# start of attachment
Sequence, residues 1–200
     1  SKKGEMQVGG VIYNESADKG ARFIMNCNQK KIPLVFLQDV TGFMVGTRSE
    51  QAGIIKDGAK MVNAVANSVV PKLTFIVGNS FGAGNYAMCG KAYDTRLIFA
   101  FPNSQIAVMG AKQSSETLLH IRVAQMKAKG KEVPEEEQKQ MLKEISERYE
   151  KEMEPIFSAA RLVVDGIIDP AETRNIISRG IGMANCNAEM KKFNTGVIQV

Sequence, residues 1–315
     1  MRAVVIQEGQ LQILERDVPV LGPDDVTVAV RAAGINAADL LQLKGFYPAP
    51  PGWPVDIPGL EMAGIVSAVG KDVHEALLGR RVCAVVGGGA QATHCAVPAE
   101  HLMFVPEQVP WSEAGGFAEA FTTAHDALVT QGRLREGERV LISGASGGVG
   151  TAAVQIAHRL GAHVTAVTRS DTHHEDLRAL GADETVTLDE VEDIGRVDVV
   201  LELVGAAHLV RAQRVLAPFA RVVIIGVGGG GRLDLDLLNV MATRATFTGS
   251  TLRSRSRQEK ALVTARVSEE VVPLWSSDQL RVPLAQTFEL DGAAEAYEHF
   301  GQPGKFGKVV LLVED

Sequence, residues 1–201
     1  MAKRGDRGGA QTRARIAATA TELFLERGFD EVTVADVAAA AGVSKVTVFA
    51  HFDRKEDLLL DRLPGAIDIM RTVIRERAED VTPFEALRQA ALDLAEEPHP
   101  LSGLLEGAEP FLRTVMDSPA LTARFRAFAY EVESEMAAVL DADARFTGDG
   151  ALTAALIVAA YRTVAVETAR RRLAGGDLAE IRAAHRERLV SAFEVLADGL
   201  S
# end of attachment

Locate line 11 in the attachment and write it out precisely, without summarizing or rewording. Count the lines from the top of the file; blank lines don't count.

   201  LELVGAAHLV RAQRVLAPFA RVVIIGVGGG GRLDLDLLNV MATRATFTGS